April 12, 2016, 9:46p.m. – AFTER MORE than a decade of numerous revisions, the UST Students’ Code is still far from becoming a reality.

The code, which contains provisions on academic rights, freedom of expression, the right to information, participation in policymaking, the right to organize and the right to due process, among others, still has to secure the nod of the faculty, the Council of Regents, and the Academic Senate before it can be submitted to the Office of the Rector for approval. The code also has to be submitted to a student plebiscite.

Outgoing Central Student Council (CSC) President Anna Mariz Mangalili said work on the code was turned over “smoothly” by her predecessor Ina Vergara.

The approval of UST administrative offices, however, is taking time. But Mangalili said it was important to secure their nod because they would also be affected by the code. “These offices represent the other stakeholders of the [University] na affected din ng content ng [Students’ Code],” Mangalili said in a Facebook message.

Last academic year, the draft reached the desk of Rector Fr. Herminio Dagohoy, O.P. after numerous revisions specifically in Article II, which focuses on the “academic rights of students.” Further revisions were sought by the Office of the Vice Rector for Academic Affairs (OVRAA) after the CSC made a courtesy call last Feb. 24.

According to Central Board Speaker and Faculty of Arts and Letters Student Council President Jan Dominic Castro, the revisions did not affect substance of the code, but the technical terms used, such as the proper use of the term “professor.”

The Central Board, composed of local student council presidents, was supposed to conduct a meeting to discuss the revisions, after which the council would again present the code to the OVRAA and the deans of different faculties and colleges.

Even if time is running out, Castro and Mangalili are determined to bring the code to the students for a referendum.

“I cannot say kung kaya ba ipasa since hindi lang naman kami ang nagdedecide or nagwowork para maipasa ito (Students’ Code). [We will] do our best para umabot hanggang referendum or if possible, maipasa na [ang Students Code],” Mangalili said.

Should the Students’ Code fail to pass anew, the incoming CSC officers should ensure proper documentation of the revision process, Castro said. The lack of a paper trail was the reason the code was “stagnant” in the previous CSC administrations.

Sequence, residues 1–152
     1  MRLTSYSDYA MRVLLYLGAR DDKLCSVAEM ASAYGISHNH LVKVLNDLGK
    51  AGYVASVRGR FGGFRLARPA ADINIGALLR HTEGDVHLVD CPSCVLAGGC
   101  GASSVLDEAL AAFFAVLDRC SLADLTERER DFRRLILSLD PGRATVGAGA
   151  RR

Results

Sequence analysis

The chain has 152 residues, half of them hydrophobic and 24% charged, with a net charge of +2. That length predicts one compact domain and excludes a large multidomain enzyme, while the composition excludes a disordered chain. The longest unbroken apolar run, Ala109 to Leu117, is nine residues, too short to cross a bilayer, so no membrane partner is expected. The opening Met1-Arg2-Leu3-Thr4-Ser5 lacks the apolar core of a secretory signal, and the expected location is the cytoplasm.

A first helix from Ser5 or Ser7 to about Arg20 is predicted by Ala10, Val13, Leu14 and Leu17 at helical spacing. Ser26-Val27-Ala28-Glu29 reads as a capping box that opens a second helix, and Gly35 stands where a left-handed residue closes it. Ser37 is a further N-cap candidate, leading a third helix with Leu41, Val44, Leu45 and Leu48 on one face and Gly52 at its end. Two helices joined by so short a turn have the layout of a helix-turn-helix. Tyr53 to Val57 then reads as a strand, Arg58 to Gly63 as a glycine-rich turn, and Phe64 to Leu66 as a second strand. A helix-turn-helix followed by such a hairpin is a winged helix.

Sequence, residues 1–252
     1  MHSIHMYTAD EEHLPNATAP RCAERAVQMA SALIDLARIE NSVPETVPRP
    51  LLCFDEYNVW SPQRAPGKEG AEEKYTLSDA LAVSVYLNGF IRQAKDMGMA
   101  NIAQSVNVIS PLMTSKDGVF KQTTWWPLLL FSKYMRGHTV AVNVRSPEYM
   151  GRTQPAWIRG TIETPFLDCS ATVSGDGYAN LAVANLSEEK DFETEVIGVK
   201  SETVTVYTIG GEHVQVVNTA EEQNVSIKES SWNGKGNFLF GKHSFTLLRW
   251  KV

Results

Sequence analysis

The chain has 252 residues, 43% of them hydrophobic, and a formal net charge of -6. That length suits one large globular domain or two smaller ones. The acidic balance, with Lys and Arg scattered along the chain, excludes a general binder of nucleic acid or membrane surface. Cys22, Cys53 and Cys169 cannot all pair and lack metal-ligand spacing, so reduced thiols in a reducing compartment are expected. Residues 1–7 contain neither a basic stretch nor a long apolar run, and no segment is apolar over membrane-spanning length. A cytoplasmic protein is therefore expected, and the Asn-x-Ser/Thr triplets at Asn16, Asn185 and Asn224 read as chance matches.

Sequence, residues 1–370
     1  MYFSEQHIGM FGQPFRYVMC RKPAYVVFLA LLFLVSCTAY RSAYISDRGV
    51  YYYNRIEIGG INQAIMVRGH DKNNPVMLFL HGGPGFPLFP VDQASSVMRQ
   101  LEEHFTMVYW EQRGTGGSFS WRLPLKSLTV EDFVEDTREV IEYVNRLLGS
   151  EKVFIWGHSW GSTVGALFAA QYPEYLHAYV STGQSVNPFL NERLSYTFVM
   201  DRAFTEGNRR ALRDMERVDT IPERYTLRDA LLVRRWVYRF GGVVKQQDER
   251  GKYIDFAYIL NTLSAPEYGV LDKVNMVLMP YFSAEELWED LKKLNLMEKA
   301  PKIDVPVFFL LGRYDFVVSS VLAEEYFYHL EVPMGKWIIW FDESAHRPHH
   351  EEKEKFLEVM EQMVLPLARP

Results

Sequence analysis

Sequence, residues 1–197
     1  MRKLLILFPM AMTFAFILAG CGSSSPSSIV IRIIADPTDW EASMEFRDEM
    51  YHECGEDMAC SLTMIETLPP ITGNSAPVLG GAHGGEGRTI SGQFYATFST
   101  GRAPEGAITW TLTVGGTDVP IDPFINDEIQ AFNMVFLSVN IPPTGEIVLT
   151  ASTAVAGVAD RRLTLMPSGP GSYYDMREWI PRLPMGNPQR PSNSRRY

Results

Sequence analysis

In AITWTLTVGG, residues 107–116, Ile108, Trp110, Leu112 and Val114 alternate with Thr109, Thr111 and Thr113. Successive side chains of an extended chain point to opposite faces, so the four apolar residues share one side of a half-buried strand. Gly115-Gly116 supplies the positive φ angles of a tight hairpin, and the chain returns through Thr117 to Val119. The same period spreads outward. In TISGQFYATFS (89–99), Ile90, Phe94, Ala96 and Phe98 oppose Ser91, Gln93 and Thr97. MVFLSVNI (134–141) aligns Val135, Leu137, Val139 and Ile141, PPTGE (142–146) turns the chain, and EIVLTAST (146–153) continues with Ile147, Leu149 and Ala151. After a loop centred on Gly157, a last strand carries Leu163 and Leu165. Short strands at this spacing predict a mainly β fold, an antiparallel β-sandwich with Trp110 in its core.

“What was lacking was the paper trail from the previous administrations. We should document it,” Castro added.


‘Passage depends on CSC’

In an email to the Varsitarian, Vice Rector for Academic Affairs Clarita Carillo said her office had cooperated with the CSC by conducting meetings with University administrators to discuss the draft of the code.

“[The passage of the Students’ Code] depends on the CSC, how determined, diligent, and persistent they are, how well they have been coordinating with all the concerned administrative offices,” she said.

Carillo said she sent her proposed revisions to the CSC through email last March 15, summarizing the discussions and clarifications made during previous meetings.

The concerns raised by her office refer to course requirements, make-up classes, grade computation, the expression of research findings, and qualifications of thesis advisers.


Clamor from students

Castro and Mangalili urged Thomasians to study the proposed Students’ Code and encouraged colleges to have their own Students’ Rights and Welfare Week, an annual event in the University focusing on the rights of the students.

Castro said the clamor for the code’s approval should come from the Thomasians, not only from the CSC.

“The Students’ Code greatly affects their rights as students so we really need to hear the voice of the students to know if `yung nagawa naming Students’ Code is really in favor of them,” he said.

Mangalili pointed out that the council had received confidential reports of violations of students’ rights, highlighting the need for a Students’ Code.

“After naming maincorporate ang mga hinihinging revisions ni Dr. Carillo, ire-release agad namin yung copy ng draft through local student councils and [through] social media,” she said.

The proposed Students’ Code was previously called the Magna Carta of UST Students, and was first drafted in 2004. Roy Abrahmn D.R. Narra


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